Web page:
As your dog gets older, it becomes important to consider adding supplements such as omega-3 fatty acids (fish oil), glucosamine and choindroitin sulfate, and antioxidants. These supplements might help osteoarthritis and possibly prevent some cancers.

Be aware of your aging dog's exercise needs and abilities. Exercise is important for your pet for many reasons, including cardiovascular health, mental stimulation and bone/joint health. Becoming aware of your dog's limitations, however, is also essential. Allow adequate time for warm-up and cool-down. Your dog might not be able to hunt as long or hard as before but he can continue to work within reasonable parameters. Pay particular attention to his feet; ensure that nails are trimmed. Long nails change the way the paw hits the ground and predisposes a dog to injury.

Warning Signs
You know your dog better than anyone else does and you play a key role in mtaintaining his health. The best prevention is early detection of disease. See your veterinarian if you notice any of the following signs in your senior dog:

. Increased thirst or urination
. Weight loss or gain without a change in diet/activity
. Skin tumors/masses or wounds that do not heal
. Slowing down - unable/resistant to running, jumping or climbing stairs
. Decreased appetite
. Loss of vision/hearing

Knowing When to Say Goodbye/End-of-Life Care
A common question from pet owners is, "How will I know when it is time to consider euthanasia?" I generally tell people that they are the best judge of their dog's quality of life. I have adopted several benchmarks over the years to help pet owners make decisions for their pets when their quality of life is questionable.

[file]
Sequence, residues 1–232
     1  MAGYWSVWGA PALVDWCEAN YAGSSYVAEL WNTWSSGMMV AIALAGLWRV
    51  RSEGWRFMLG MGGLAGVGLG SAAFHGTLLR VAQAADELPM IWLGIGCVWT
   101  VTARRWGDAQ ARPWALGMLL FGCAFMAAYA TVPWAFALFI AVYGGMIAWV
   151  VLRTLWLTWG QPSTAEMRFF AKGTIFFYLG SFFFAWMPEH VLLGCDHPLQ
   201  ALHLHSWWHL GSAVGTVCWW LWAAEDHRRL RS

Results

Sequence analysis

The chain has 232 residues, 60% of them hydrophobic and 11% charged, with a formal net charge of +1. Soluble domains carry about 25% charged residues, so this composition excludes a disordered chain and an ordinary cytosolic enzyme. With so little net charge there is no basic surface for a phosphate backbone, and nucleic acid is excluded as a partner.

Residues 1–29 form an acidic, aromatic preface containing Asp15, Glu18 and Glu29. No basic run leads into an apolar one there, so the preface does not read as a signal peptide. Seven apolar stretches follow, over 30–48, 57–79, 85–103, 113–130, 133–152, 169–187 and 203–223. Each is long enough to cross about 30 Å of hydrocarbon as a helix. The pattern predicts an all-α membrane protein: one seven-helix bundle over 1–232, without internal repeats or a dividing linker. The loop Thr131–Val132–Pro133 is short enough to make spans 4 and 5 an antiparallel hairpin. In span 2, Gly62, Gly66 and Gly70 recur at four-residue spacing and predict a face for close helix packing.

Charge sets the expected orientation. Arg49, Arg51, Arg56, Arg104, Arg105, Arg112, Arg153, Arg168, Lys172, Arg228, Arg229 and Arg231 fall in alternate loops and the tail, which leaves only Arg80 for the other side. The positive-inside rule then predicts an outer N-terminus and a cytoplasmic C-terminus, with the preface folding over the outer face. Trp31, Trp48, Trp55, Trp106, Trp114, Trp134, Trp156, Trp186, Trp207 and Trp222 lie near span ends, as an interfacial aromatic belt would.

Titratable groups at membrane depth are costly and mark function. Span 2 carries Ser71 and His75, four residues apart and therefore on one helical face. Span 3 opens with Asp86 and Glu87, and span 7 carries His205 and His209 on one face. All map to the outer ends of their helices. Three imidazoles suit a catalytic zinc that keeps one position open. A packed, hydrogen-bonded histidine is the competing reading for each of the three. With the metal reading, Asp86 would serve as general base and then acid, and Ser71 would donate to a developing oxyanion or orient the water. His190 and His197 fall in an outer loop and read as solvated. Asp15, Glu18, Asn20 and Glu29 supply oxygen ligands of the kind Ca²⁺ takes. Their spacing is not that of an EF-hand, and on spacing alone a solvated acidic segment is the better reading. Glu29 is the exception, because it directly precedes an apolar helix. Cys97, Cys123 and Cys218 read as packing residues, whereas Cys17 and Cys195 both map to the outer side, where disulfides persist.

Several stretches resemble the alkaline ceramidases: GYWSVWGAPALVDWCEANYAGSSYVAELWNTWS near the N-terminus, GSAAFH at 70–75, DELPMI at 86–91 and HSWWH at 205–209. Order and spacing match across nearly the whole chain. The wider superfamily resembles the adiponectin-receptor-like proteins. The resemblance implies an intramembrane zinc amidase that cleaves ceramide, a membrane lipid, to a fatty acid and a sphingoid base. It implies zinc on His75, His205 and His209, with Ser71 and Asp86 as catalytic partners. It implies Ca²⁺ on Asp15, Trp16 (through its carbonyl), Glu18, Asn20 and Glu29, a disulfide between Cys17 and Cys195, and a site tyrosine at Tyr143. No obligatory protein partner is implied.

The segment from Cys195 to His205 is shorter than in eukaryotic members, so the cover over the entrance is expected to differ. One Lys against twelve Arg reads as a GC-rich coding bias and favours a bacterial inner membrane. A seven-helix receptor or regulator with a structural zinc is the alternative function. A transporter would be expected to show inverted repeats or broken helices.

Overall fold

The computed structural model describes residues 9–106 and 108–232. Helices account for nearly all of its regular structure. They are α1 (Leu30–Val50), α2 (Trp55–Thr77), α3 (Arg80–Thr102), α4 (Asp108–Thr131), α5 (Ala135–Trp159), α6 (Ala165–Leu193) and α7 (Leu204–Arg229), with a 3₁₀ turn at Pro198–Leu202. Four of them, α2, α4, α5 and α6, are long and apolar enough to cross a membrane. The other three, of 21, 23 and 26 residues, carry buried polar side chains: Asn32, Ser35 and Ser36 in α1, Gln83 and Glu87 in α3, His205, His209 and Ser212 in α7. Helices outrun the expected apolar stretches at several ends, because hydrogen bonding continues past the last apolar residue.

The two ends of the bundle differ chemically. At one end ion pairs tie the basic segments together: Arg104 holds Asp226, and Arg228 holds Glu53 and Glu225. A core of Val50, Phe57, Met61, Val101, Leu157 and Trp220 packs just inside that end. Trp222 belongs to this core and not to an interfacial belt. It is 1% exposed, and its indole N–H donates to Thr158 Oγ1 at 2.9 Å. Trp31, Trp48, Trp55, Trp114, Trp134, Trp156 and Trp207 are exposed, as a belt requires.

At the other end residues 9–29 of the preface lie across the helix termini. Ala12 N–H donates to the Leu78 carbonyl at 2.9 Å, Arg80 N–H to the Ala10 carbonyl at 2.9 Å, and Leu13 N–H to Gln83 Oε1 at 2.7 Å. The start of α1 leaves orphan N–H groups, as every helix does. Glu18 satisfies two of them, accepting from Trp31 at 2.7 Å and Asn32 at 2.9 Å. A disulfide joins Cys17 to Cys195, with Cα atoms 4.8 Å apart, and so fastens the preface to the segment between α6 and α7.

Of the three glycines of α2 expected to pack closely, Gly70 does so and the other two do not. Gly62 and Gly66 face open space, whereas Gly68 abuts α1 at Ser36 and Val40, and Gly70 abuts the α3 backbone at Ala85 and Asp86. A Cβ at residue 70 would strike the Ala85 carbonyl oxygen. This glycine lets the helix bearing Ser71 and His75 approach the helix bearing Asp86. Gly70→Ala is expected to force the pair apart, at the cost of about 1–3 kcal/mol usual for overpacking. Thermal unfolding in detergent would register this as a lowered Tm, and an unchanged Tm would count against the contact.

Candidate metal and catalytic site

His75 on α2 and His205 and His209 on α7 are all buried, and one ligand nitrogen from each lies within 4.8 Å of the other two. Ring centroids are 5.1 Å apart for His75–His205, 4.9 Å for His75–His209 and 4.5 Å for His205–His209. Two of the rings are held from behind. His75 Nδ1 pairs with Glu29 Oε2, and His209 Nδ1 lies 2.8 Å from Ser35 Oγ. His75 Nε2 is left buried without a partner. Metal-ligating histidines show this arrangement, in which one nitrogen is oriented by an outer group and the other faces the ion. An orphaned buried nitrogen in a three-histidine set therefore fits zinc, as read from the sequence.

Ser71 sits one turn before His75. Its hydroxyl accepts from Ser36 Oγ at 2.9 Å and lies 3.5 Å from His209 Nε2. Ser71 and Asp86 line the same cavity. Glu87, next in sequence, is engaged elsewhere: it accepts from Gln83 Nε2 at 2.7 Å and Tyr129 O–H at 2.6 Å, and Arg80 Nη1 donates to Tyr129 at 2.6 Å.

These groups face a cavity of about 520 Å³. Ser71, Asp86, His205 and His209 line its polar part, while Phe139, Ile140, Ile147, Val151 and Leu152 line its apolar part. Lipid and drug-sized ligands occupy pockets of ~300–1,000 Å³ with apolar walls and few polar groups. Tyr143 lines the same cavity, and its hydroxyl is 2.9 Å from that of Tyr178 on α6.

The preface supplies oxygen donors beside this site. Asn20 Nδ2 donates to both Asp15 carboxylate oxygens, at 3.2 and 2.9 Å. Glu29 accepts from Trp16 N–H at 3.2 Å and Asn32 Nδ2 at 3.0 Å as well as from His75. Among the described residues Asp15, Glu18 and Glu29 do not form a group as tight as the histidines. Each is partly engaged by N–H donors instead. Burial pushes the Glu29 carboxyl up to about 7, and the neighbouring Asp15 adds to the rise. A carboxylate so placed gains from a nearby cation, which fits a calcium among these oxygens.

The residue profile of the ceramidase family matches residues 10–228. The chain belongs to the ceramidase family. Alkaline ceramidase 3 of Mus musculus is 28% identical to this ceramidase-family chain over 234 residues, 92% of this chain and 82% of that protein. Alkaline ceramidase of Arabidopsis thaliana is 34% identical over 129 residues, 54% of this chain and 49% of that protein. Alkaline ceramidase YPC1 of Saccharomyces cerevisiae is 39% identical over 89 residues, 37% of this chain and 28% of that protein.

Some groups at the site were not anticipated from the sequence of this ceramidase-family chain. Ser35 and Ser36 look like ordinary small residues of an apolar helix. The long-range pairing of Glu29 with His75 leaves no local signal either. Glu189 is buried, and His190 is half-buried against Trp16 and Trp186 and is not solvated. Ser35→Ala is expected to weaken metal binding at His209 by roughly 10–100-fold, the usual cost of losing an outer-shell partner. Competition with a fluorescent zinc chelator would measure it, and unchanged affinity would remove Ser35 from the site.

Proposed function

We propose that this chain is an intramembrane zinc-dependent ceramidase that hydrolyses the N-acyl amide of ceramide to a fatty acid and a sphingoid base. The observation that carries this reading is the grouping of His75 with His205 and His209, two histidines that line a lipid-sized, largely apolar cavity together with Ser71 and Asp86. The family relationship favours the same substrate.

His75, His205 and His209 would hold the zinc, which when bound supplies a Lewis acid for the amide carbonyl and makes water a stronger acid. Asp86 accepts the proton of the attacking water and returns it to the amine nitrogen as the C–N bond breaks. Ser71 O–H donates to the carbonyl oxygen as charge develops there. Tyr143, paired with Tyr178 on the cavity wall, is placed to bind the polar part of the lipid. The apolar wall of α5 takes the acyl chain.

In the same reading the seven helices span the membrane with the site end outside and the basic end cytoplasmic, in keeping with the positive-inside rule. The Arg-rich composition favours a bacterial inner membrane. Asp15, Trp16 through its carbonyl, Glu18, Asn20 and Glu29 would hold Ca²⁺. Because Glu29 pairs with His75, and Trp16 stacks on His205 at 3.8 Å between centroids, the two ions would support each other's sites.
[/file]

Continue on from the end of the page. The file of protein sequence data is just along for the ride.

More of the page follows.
Pets need to be able to urinate and defecate and be able to move themselves away from the area where they voided (i.e., not remain lying in their own waste). In addition, they should be able to eat, drink and interact in some meaningful way with their family. The final, and perhaps the most important consideration, is that they not be in pain. It is wise to discuss quality-of-life issues with your veterinarian and you should think ahead to know your opinions. Some owners will go to any extreme to save an ailing pet, sometimes to the pet's detriment. Discussions with family members before a crisis will help if you are in a situation that requires end-of-life care.

Much progress has been made over the years about pain management and palliative care for an aging and ailing pet. Acupuncture and Chinese herbs, as well as the use of cold-laser or stem-cell therapy, have improved quality of life for pets that have arthritis, cancer or other diseases.

For owners who want to follow more traditional medical practices, many advances in the use of pain medication allow your pet to remain more active and comfortable. Signs of pain in your dog can be subtle. Some dogs might have only a decreased appetite or might sleep more. Other dogs might vocalize or act anxious. Pets might not interact as frequently with family members or they might show elevations in heart rate, temperature or blood pressure. If you suspect that your dog is in pain, discuss treatment options with your veterinarian. Never give your dog any over-the-counter human medication such as Tylenol, Motrin or Aleve. They are toxic to dogs and can lead to kidney and liver failure. Many economical pain medications are available to keep your pet comfortable as he ages.

As your dog ages, remember that she might need a little TLC. However, old age is not a disease. I treat many dogs who hunt well into their senior years. Their wisdom and experience make them excellent hunting partners. Attention to nutrition, exercise, wellness health examinations and pain management can add extra years of life to your best friend!